****The Adventure Zone, Here There be Gerblins by the McElroys and Carey Pietsch


Welcome to the Adventure Zone!

SEE! The illustrated exploits of three lovable dummies set loose in a classic fantasy adventure!

READ! Their journey from small-time bodyguards to world-class artifact hunters!

MARVEL! At the sheer metafictional chutzpah of a graphic novel based on a story created in a podcast where three dudes and their dad play a tabletop role playing game in real time!

Join Taako the elf wizard, Merle the dwarf cleric, and Magnus the human warrior for an adventure they are poorly equipped to handle AT BEST, guided (« guided ») by their snarky DM, in a graphic novel that, like the smash-hit podcast it’s based on, will tickle your funny bone, tug your heartstrings, and probably pants you if you give it half a chance.

With endearingly off-kilter storytelling from master goofballs Clint McElroy and the McElroy brothers, and vivid, adorable art by Carey Pietsch, The Adventure Zone: Here There be Gerblins is the comics equivalent of role-playing in your friend’s basement at 2am, eating Cheetos and laughing your ass off as she rolls critical failure after critical failure.

There is nothing easy about adapting a story from one medium to another. It’s even harder when the two mediums we’re talking about are so fundamentally different as a DnD actual play podcast and a comic book.

TAZ, if for some reason you’ve managed to never hear of it, is a very popular Dungeons and Dragons podcast hosted by the McElroy family, of My Brother, My Brother, And Me fame. The short of it is that it’s a podcast in which three brothers and their dad plays DnD. But don’t be fooled by this description: TAZ is more than just DnD. It is an experience.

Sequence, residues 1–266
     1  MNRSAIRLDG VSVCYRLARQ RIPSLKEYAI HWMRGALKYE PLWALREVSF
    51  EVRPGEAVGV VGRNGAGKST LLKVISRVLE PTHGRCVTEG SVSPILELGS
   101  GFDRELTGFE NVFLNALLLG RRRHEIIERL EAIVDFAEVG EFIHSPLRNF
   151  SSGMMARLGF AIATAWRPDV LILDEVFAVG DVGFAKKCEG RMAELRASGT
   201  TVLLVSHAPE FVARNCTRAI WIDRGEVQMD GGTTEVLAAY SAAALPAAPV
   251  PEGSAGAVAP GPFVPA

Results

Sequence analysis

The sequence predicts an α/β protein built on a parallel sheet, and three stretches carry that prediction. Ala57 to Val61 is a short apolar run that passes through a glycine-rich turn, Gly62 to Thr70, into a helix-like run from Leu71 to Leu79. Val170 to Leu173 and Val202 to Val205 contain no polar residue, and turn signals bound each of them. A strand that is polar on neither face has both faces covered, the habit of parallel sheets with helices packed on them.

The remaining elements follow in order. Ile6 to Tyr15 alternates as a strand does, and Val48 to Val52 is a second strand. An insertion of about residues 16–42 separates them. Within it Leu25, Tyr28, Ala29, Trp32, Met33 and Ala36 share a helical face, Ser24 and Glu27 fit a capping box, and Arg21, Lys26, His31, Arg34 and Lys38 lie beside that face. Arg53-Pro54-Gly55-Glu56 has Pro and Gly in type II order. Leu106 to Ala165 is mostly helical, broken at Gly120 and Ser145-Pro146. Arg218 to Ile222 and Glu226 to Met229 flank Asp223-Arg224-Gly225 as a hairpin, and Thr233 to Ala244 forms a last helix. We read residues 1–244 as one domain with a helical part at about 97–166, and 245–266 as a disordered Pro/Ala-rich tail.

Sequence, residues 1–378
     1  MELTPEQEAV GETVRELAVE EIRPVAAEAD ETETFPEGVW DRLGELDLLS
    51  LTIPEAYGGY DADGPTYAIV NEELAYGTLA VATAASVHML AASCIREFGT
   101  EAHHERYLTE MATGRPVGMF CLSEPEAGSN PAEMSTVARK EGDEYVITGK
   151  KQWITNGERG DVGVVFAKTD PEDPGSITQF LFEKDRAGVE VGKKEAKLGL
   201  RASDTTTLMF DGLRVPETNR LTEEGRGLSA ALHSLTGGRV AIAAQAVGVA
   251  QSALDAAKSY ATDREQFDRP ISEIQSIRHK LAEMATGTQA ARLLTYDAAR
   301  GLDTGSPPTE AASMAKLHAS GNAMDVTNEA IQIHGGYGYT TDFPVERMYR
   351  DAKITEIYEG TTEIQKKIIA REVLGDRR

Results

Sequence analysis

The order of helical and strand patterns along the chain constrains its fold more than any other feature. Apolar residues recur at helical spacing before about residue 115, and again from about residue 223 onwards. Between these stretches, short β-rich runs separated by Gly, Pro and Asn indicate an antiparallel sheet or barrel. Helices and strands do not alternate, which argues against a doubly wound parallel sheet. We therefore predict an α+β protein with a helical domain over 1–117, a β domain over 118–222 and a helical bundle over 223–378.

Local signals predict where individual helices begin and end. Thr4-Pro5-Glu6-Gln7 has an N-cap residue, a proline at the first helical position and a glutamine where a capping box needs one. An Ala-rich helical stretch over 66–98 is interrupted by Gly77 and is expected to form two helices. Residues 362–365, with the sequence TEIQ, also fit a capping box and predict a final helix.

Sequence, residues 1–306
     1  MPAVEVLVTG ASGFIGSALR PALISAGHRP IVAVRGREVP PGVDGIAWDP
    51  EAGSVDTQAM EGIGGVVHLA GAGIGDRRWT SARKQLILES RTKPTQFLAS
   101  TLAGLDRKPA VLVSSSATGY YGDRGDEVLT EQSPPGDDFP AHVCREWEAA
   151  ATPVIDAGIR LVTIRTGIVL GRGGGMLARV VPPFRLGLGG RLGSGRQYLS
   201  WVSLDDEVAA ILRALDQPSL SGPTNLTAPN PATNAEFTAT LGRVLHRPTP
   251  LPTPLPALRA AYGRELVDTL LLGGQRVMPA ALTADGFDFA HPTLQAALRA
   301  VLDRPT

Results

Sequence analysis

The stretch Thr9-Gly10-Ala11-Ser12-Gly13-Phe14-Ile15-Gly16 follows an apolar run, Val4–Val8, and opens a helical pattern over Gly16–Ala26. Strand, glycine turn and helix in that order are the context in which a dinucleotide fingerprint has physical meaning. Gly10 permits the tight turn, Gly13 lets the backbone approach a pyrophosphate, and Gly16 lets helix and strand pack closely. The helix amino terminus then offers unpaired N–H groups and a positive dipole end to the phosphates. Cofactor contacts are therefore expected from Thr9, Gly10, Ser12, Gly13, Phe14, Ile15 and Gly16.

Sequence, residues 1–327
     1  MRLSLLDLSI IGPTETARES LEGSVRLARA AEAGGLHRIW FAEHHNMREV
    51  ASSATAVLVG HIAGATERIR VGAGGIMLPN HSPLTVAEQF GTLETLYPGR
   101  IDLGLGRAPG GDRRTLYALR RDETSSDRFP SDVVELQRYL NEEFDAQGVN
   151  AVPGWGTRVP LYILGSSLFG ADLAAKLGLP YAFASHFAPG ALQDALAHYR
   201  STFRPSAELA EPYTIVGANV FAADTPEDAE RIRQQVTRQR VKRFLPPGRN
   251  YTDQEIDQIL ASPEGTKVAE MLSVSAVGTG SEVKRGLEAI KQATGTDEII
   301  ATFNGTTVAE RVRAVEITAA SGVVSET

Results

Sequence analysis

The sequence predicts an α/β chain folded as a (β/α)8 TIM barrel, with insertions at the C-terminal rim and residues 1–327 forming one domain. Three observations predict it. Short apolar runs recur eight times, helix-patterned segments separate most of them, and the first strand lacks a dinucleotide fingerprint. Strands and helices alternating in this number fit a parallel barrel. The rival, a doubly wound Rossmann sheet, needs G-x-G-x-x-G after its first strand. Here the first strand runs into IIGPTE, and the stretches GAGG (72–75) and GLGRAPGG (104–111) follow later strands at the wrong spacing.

I’d say that this comic book managed to do a pretty decent adaptation, with the constraints that it was given (adapt an audio story to a visual one, have the DM be in it because we’d all miss Griffin if he wasn’t). It’s not the best comic book I’ve ever read, but then, maybe I’m doing it a disservice. After all, this is just the first arc of TAZ, which was fun, decent, but ultimately just another DnD story. In comparison, the last few arcs of TAZ are so mind-blowingly excellent that they made me cry, and still figure as one of my all time favourite fantasy story experiences.

Here There Be Gerblins can’t compare to Story And Song (the last arc of the podcast) but then again, it doesn’t have to. It’s a perfectly good starting point to entice readers who might not be familiar with the podcast, and it gives plenty of references to future events for readers who might be reading the entire thing thinking « I can’t wait for the rest! » like I did.

I liked the decision to include the DM in the comic book. TAZ is, after all, a DnD game, and while other such comics like Order of the Stick can get away with an entirely in-game storyline, Griffin is very much a character in his own right in this story. His commentary and interactions with his players are fun and light-hearted, and I think we would likely have lost a layer of humour if he hadn’t been included in the final product.

The artwork was also very pleasing, with artist Carey Pietsch giving life to our characters in a very charming and dymanic way, and drawing the cutest dang version of Avi I’ve yet seen. As expected with the McElroys, you can tell that inclusion and diversity was definitely a goal in the character’s designs, and they didn’t miss their mark.

I look forward to reading more of the adventure of these good, good, goofy boys.

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